Perhaps the second most important set of relationships Kelton examines after that of Charlie and his family is that between the anglos and the Mexicans. Charlie’s land has two ranch houses, one for his family and one for the family of Lupe Flores, an American citizen who is Mexican and who would be considered Charlie’s manager if their ranch was large enough to employ more than just the two of them as full-time employees. Charlie considers Lupe’s family as his own second family, and he treats them with corresponding care, but their relationship displays the subtle racism of anglos dealing with Mexicans. Lupe and his family all refer to Charlie as “Mister Charlie,” while his family refers to them by first names only. Charlie makes all the important decisions for both families, including occasionally taking care of Lupe’s family in situations they are perfectly capable of handling themselves. But Charlie never realizes he is being condescending, believing he is doing what is best for his employees and close friends, even when Lupe's son rebels against Charlie's attitude towards him.

Although the two families have a strong relationship, it cannot be misstaken by anybody but Charlie as a relationship between equals.

A third group in the novel is wetbacks, illegal Mexican immigrants whom Charlie will not hire, partly because of fear of the chota who are always nosing around seeking out illegals, and partly because the legal Mexicans resent when illegals are given the same treatment and benefits which they have earned legally themselves.

Most of the novel is concerned with the drought and how it affects Charlie’s ranch and his relationships. We watch his large herd of cattle winnow down steadily in size, since cattle are the least profitable animals compared to sheep and even goats, which are the most profitable but considered insulting animals for a rancher to raise. Still Charlie adapts slowly, and somewhat reluctantly, at times forced to make changes by the banker who refuses to extend Charlie’s credit another year unless he take steps to minimize his losses. While Charlie is debt-free at the beginning of the novel–and the beginning of the drought–as the novel progresses, he becomes just another struggling individual who owes his soul to the bank.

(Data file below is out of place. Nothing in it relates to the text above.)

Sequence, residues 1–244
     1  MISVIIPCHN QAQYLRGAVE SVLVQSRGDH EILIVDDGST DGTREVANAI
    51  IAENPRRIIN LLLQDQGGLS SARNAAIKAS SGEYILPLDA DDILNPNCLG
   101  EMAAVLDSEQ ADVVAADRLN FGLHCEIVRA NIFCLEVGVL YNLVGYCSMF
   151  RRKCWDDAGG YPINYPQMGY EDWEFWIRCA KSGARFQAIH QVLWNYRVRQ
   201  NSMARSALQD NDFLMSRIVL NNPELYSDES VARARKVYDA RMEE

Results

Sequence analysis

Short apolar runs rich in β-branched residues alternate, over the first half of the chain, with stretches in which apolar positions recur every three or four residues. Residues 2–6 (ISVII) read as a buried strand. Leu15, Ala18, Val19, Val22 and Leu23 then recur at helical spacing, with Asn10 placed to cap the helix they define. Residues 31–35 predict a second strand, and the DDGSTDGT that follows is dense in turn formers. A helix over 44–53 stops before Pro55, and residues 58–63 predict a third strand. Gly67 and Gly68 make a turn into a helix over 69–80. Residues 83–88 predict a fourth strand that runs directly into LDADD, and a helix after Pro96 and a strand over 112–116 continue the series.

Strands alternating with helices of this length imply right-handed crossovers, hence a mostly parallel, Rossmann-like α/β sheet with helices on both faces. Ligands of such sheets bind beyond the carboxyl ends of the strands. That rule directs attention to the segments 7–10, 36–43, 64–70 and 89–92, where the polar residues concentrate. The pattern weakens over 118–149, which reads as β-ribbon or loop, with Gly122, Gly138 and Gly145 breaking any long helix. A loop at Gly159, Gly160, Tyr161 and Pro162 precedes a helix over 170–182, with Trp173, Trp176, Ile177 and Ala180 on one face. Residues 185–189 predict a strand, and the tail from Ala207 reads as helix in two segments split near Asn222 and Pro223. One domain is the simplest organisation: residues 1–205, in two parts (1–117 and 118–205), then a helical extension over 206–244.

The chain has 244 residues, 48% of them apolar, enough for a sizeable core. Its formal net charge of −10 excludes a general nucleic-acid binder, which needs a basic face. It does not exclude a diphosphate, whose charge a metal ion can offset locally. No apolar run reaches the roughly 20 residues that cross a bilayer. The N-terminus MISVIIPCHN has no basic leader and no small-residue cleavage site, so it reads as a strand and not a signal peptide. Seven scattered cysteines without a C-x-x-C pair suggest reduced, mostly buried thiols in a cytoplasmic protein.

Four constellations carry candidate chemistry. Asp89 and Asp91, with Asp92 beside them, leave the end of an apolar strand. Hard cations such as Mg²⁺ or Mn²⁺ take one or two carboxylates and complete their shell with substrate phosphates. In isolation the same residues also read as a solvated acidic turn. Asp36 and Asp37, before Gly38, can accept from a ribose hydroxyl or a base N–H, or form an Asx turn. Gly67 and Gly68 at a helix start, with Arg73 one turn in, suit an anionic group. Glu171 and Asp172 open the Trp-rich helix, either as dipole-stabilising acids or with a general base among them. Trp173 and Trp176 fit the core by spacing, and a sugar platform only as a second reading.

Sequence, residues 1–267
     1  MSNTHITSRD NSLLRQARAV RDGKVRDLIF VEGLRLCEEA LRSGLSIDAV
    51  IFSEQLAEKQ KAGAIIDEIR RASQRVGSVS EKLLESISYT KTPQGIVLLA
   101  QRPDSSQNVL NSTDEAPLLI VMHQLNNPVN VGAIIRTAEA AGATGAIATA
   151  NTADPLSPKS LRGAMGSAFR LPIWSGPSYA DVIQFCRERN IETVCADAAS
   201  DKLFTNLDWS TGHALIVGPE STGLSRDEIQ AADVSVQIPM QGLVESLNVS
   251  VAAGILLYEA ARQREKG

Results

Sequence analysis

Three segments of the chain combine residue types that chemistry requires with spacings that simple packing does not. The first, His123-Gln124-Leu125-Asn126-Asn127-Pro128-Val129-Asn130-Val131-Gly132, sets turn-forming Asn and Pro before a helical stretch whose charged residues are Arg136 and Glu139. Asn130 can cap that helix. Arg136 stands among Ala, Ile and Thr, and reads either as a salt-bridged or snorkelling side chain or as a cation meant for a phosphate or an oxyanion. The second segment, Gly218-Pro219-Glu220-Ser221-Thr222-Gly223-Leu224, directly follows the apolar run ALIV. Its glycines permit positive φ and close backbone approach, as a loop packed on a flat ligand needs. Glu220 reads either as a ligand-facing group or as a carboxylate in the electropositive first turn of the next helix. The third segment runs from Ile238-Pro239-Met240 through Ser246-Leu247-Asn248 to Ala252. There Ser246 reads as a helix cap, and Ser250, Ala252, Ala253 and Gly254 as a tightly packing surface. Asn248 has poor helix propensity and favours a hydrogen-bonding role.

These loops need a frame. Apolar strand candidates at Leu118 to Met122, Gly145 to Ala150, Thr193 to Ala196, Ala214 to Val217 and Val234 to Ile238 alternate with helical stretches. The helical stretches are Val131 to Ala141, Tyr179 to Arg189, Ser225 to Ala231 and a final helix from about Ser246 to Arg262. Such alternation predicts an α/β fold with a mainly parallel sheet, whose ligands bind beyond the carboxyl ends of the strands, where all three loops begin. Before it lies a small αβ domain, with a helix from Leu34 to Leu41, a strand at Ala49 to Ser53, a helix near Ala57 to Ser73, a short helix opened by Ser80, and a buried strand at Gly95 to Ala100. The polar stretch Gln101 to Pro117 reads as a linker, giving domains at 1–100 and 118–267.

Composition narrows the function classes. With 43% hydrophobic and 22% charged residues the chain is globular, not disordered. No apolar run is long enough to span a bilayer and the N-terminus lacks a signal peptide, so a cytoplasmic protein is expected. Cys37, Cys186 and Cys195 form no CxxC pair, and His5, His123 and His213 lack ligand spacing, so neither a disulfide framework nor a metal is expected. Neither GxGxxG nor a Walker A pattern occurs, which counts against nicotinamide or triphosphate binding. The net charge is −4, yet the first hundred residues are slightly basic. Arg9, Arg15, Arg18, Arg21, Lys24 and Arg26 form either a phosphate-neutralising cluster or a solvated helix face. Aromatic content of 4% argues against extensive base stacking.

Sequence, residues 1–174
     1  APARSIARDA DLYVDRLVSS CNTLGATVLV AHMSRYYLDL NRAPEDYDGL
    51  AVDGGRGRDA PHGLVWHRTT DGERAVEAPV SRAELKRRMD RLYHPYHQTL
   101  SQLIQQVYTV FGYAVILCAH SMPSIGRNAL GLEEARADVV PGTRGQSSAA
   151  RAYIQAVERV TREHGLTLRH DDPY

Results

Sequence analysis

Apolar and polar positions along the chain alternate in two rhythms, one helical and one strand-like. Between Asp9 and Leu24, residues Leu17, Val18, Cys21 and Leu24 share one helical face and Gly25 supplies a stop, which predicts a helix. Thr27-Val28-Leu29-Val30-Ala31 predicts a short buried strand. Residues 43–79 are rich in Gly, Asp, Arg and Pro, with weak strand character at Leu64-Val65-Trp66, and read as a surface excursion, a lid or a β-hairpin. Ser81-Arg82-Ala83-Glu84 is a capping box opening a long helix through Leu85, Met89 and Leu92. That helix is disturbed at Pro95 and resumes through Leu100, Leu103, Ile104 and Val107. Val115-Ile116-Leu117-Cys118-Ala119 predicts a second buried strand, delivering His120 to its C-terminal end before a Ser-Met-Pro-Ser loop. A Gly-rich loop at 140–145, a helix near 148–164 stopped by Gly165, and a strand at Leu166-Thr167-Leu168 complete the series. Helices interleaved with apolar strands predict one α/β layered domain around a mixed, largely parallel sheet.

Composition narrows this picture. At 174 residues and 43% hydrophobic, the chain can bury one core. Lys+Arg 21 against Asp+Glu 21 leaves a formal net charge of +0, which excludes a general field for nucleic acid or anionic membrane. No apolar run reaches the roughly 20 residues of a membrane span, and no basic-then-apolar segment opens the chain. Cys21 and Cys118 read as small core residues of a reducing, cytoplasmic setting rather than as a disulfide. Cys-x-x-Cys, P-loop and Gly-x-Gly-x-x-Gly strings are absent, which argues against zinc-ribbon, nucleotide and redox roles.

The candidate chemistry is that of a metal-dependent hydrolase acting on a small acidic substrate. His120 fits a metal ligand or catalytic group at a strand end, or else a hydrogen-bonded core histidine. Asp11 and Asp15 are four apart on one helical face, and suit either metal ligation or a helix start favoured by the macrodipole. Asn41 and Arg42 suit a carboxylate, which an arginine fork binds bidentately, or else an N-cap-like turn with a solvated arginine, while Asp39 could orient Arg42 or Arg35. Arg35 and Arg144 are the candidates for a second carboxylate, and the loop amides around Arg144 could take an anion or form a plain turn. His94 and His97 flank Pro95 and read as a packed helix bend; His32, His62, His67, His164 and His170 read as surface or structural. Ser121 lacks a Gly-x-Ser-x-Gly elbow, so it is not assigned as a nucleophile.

Kelton writes some powerful scenes which fit well into the novel. The “wolf hunt” for two coyotes who have been killing Charlie’s sheep; the time Charlie fell off his horse and sprained his ankle, and was unable to return home without the aid of a frightened wetback; the death of young Manual Flores’ young horse. While the novel’s emotional level is tightly-controlled, the emotions do surface at times and are more effective because Kelton does not indulge in them any more than Charlie himself would do so.

The Time It Never Rained is a masterpiece that should be enjoyed by anybody who enjoys either great historical fiction or strong character studies. While Kelton is basically a writer of westerns, the novel’s 1950s settings escapes all the negative connotations of the genre (no good guys vs bad guys, no shootouts, no cowboys vs indians) while retaining all that is strong about the genre. I recommend this novel very highly! It is the first novel I finished reading in 2009, and it is hard to imagine that I will read a better novel the entire year.


  • Nice review. I am using Kelton's novel in my college class on oil, water, and land issues in Texas. I am offering your review as an introduction for the students.

    By Blogger Ken Baake, At 2:48 PM  

Post a Comment

Subscribe to Post Comments [Atom]

<< Home